Aug. 13 (UPI) -- OPEC economists said there were bullish trends supporting the price of oil, but there were underlying concerns about political and economic disputes.
Economists at the Organization of Petroleum Exporting Countries left estimates for global growth in gross domestic product unchanged at 3.8 percent for 2018 in their market report for August. Modest growth in the United States was balanced by a slowdown in the European economy. In Asia, Japan's economy is sluggish with 1.8 percent GDP this year. China and India are growing strongly, but both economies start to slow down next year.
For the market in general, OPEC economists said the surplus in the five-year average for oil inventories for the world's leading economies now stands at a deficit. A glut of oil on the market helped push the price of oil below $30 per barrel in early 2016, though OPEC production constraints have helped eliminate the surplus.
"Furthermore, robust global demand and growing geopolitical tension have supported the rise in crude oil prices," they wrote. "In addition, an all-time record increase in financial market trader activity also contributed to bullish sentiment."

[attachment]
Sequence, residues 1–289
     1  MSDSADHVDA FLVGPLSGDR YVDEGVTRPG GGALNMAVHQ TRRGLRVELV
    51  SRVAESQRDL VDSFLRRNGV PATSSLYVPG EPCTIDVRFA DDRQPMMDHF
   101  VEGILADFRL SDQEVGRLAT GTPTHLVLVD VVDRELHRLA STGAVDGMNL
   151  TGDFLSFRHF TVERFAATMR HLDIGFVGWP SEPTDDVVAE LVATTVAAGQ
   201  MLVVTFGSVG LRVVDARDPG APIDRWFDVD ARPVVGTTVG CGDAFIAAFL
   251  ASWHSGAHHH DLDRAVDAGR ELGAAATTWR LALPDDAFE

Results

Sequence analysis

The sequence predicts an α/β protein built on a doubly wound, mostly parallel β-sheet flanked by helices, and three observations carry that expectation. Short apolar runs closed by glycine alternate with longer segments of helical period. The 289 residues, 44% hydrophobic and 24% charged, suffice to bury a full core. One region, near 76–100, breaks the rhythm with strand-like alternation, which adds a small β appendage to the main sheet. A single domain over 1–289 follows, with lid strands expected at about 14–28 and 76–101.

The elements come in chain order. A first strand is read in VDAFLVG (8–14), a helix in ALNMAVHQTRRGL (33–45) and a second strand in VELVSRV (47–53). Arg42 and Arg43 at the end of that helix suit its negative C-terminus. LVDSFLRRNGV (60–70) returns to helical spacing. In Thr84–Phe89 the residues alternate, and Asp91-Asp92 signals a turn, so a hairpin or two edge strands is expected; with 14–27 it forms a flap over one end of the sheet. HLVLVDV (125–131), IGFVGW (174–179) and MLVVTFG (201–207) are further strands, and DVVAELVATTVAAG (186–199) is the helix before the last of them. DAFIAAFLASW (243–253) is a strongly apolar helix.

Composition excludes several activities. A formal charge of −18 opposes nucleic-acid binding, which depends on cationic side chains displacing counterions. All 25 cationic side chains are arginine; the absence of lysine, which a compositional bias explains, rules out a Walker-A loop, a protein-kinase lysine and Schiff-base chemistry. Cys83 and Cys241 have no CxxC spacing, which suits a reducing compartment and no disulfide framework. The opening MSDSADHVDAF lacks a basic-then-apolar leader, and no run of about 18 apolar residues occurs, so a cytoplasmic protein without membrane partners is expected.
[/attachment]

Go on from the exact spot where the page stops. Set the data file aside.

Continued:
That bullish sentiment was not spilling over into the price of oil early Monday. Major indices were tracking slightly lower ahead of the start of U.S. trading.
OPEC economists recognized Brent, the global benchmark, and West Texas Intermediate, the U.S. benchmark for the price of oil, were mixed, but strong. Brent ended last month lower for the second consecutive loss, but stayed above $75 per barrel. WTI, meanwhile, jumped 5 percent to pass $70 per barrel for the first time since November 2014.
Both indices were below their July highs early Monday, however. Some support for the price of oil was because of temporary factors like a Saudi halt to shipments through the Red Sea to avoid conflict areas in Yemen.
On the demand said, OPEC revised its 2019 forecast lower by about 20,000 barrels per day. While economists expressed optimism about the pace of economic growth, they recognized there numerous challenges ahead.
The main area of concern is political in nature.
"Rising trade tensions, leading to mounting uncertainties, translating into falling business and consumer sentiment, may provide a significant downside risk to the current relatively positive outlook," they wrote. "Negative impacts on global investments, capital flows and consumer spending may also have a detrimental effect on the global oil market."
U.S. President Donald Trump has been using the strength of the U.S. economy to coerce trading partners to change from policies he sees as detrimental. From the European trade, to China and Turkey, the president has sought to reconfigure economic relationships through stiff trade tariffs that could undermine global growth.